Airbnb builds Manchester share, but hotels still dominant

The proportion of visitors to Manchester using Airbnb in 2017 climbed from 3.6% to 5.6% as the online platform accounted for more than 304,700 overnight stays, according to data from Colliers International.

Colliers found that bookings on Airbnb for properties in Manchester were up 57% year-on-year. For now though, the hotel operators remain ahead of the game, more so than in other UK cities.

Marc Finney, head of hotels & resorts consulting at Colliers International, said: “The figures for Manchester are interesting in that the take-up of Airbnb is considerably lower than other comparable cities, such as Edinburgh where the Airbnb share of the market is closer to 20%.

“This reflects a number of factors, chief of which is the more business and commercial nature of the accommodation market in Manchester and this is a sector that Airbnb has been less well able to penetrate than the leisure market. It also reflects the relative supply positions of the markets. Manchester has a wide and broad range of accommodation and has several thousand more rooms than Edinburgh.”

Although the busiest accommodation was in the city centre, most notably its southern sector, other busy areas in the city region included Salford Quays and Trafford – Trafford East recorded the highest ADR- average daily rate – of €86, due largely to the presence of the Old Trafford sports stadia, Colliers said.

The study has been carried out in conjunction with Hotelschool The Hague and comes at a time when various civic authorities and tourism bodies have called for Airbnb to be regulated.

This is a maturing market and product. Last year also saw a 46% increase in the supply of Airbnb accommodation units across Manchester, reaching a total of 4,321. Although the single largest proportion of these are “single property listers,” more than 39% of units are provided by multi-listers with three or more properties, adding weight to speculation that the local Airbnb market is beginning to evolve as a distinct commer­cial sector.

Private rooms remain the most popular type of accommodation amongst Airbnb users in Manchester, representing over 51% of all bookings at an average of €44 per night. This is followed by two-bedroom properties at 22%, which saw a small year-on-year increase.

The most notable shifts came at the two extremes of the sharing accommodation spectrum. The year saw a 33% year-on-year rise in shared room bookings, with an ADR of €31, highlighting the relative affordability of the Airbnb market compared to lower grade hotels, and possibly a lack of supply in hostel space.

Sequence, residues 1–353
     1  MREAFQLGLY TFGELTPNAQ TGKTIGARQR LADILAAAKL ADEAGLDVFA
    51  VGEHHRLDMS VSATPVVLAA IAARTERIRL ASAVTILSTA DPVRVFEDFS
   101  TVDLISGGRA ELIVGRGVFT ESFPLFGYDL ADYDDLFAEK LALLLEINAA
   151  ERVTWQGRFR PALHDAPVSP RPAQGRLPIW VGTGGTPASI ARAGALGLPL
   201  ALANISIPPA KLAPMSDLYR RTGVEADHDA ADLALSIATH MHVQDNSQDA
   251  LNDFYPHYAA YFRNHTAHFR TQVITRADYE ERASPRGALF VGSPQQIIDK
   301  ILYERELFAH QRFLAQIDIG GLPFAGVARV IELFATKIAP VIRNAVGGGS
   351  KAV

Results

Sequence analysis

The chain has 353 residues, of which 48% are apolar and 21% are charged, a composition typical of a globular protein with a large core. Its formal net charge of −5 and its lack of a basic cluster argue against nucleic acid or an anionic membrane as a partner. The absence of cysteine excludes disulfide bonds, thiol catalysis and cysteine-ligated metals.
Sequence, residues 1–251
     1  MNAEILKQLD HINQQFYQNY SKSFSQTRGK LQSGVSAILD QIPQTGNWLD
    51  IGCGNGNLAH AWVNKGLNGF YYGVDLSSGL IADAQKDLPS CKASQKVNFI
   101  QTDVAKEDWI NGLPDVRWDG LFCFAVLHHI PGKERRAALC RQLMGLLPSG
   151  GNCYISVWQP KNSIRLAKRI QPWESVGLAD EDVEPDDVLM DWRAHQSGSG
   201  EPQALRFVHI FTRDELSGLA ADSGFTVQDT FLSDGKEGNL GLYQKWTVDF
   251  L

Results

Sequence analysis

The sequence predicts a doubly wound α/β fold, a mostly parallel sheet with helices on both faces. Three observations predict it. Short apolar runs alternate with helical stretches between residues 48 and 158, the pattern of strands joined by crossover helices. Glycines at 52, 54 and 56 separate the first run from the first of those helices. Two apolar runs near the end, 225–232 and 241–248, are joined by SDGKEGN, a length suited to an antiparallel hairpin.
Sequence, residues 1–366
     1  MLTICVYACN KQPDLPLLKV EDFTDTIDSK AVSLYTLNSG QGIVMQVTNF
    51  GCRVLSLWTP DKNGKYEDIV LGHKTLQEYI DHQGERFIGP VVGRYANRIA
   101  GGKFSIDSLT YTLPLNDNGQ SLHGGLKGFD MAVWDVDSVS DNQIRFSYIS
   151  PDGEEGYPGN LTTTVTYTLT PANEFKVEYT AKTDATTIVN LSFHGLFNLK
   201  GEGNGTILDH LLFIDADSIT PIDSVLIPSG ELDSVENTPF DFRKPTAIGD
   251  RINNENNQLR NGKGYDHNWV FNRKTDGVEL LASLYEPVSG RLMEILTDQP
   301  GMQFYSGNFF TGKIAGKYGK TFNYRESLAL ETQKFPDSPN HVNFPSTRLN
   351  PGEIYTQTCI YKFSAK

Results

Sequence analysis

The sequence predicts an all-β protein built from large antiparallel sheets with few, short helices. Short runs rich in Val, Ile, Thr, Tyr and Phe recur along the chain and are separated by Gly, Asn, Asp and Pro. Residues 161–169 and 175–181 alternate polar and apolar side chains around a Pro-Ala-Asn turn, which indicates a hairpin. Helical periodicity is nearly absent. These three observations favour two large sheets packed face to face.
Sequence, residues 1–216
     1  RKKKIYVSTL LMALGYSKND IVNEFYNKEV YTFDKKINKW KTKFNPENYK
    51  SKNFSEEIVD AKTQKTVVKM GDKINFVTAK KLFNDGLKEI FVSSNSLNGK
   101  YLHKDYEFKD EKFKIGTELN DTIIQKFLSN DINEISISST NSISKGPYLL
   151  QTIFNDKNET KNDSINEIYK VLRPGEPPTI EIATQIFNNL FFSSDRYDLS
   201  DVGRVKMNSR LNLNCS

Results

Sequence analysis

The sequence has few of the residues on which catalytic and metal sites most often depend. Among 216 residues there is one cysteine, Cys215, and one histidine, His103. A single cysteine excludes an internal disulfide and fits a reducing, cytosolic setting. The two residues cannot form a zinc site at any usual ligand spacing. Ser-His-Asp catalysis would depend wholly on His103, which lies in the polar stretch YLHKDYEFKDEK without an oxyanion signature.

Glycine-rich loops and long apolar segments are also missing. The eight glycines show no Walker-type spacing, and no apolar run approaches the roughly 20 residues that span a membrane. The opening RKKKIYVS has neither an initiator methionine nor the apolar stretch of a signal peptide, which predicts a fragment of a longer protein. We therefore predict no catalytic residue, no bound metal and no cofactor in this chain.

At the more expensive end, there was an almost 39% increase in bookings of four-bedroom properties, where the ADR was substantially higher than the Manchester average, recorded at €261.

As to Airbnb’s incursion into the accommodation market’s revenue, Julian Troup, Head of UK hotels agency for Colliers International, said that the hospitality industry is concerned that the operator’s success story is partly due to an “unlevel playing field,” as the accommodation platform is currently not burdened by the regulatory regime for hotels and guest houses.

He said: “Given how scarce affordable accommodation is in Manchester during the summer, you can understand why some property owners are taking the opportunity to rent out their apartments. These statistics show that there is also a huge and growing demand for more cheaply-priced visitor accommodation in the city. Airbnb is clearly attempting to fill a gap in the supply of peak season affordable accommodation in Manchester.”

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It would be interesting to see the figures for Liverpool, as a very busy Airbnber, with 3 rooms, which are more or less full every time we make them available, with all types of users, mainly corporate and professional, who want a Home from Home experience instead of being stuck in a hotel by themselves, especially women, who feel safer in the environment we provide. Airbnb is self-regulating, and everyone who uses has to provide details and references. It’s just the councils wanting to scrape the income of most Airbnber’s who need the extra money to survive or provide a more economical solution to expensive alternatives. I accept there may be problems in some cases, but not as many as people make out.

By Superhost

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